5610-5620. Topology. 3 hours each. A rigorous development of abstract topological spaces, mappings, metric spaces, continua, product and quotient spaces; introduction to algebraic methods.
5810-5820. Probability and Statistics. 3 hours each.
5810. Important densities and stochastic processes; measure and integration; laws of large numbers; limit theorems.
5820. Markov processes and random walks; renewal theory and Laplace transforms; characteristic functions; infinitely divisible distribution; harmonic analysis.
5900-5910. Special Problems. 1-3 hours each.
5940. Seminar in Mathematical Literature. 1-3 hours.
5950. Master's Thesis. 3 or 6 hours. To be scheduled only with consent of department. 6 hours credit required. No credit assigned until thesis has been completed and filed with the graduate dean. Continuous enrollment required once work on thesis has begun. May be repeated for credit.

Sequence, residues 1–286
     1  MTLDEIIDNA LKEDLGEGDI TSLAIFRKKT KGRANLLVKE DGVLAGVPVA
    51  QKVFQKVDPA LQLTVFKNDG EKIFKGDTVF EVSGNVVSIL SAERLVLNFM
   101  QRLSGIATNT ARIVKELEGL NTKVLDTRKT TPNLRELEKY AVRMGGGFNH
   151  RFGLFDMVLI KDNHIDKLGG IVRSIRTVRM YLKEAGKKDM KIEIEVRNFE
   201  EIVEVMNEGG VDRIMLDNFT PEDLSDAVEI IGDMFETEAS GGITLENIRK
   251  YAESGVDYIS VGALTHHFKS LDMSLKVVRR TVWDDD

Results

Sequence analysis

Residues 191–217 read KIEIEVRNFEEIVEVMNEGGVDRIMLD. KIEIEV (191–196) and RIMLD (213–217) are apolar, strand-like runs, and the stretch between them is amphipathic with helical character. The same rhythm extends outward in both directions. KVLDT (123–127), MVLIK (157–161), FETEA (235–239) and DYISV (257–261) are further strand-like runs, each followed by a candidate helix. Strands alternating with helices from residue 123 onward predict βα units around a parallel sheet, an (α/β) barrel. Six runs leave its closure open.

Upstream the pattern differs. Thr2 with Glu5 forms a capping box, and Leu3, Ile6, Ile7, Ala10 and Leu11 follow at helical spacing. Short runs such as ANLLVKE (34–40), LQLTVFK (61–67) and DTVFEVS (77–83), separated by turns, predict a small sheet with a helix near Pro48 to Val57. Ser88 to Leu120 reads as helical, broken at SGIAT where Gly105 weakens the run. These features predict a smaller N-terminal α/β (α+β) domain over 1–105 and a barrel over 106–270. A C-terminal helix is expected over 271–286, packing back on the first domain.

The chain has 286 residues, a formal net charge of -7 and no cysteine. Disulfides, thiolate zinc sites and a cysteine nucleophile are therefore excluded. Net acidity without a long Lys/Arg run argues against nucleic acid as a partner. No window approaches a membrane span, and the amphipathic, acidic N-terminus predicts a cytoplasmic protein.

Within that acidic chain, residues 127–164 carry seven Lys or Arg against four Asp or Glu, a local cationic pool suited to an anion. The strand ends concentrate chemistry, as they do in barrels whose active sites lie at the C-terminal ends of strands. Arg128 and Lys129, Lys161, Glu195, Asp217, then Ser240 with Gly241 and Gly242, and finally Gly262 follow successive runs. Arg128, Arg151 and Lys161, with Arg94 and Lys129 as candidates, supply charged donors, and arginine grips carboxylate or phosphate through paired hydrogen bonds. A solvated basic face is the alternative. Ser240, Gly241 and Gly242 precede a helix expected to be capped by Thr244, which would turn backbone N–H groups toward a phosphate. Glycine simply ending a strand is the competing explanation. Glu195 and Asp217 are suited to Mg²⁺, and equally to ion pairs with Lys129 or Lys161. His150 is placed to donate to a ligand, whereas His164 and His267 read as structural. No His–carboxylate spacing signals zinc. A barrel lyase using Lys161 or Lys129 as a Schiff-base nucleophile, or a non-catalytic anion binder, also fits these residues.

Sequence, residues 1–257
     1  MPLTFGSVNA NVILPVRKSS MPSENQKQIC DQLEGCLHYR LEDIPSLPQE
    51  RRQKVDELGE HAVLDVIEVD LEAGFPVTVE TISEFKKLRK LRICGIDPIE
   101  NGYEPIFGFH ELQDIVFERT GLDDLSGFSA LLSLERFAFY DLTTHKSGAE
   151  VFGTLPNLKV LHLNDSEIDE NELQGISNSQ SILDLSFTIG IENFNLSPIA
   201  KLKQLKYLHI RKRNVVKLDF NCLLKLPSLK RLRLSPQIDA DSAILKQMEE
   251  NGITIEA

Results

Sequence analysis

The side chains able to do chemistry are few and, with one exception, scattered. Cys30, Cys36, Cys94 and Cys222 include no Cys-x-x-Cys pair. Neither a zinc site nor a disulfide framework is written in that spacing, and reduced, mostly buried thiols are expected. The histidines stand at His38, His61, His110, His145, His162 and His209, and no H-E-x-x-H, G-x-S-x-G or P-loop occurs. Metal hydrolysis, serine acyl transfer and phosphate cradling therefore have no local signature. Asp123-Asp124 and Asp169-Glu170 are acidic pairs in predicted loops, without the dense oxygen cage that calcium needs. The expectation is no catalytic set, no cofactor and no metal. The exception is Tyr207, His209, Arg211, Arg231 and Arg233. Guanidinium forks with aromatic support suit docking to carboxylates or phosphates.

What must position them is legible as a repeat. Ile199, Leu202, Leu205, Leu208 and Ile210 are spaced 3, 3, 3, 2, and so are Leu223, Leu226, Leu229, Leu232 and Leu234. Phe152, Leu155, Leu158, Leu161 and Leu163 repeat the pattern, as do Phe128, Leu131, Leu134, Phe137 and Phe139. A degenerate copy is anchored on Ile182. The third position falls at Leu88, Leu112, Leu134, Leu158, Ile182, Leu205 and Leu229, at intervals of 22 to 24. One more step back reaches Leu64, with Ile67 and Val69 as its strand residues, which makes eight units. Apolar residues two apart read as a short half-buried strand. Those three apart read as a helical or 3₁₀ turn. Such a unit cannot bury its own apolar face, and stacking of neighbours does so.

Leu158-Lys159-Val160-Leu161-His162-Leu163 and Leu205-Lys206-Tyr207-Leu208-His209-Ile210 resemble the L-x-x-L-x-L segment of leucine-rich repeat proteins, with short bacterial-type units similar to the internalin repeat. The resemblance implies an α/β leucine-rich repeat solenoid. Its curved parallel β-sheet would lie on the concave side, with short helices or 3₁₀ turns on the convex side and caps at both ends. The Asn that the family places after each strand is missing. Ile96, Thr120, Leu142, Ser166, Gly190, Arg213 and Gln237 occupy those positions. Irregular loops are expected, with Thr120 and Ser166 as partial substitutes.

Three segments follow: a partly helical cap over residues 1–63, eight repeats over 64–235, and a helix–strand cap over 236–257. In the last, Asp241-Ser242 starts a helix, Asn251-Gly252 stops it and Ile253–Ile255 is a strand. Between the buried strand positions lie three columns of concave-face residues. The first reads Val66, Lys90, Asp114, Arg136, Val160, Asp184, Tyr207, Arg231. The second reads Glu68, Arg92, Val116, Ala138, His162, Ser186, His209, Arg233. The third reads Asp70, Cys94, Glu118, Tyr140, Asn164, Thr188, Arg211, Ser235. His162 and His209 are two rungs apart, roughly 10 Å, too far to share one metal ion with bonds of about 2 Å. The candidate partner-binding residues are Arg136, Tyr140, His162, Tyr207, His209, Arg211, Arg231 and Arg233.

6010. Topics in Logic and Foundations. 3 hours. Mathematical logic, metamathematics and foundations of mathematics. May be repeated for credit.
6110. Topics in Analysis. 3 hours. Measure and integration theory, summability, complex variables and functional analysis. May be repeated for credit.
6130. Infinite Processes. 3 hours. Topics selected from infinite series, infinite matrices, continued fractions, summation processes and integration theory.
6150. Functional Analysis. 3 hours. Normed linear spaces; completeness, convexity and duality. Topics selected from linear operators, spectral analysis, vector lattices and Banach algebras. May be repeated for credit.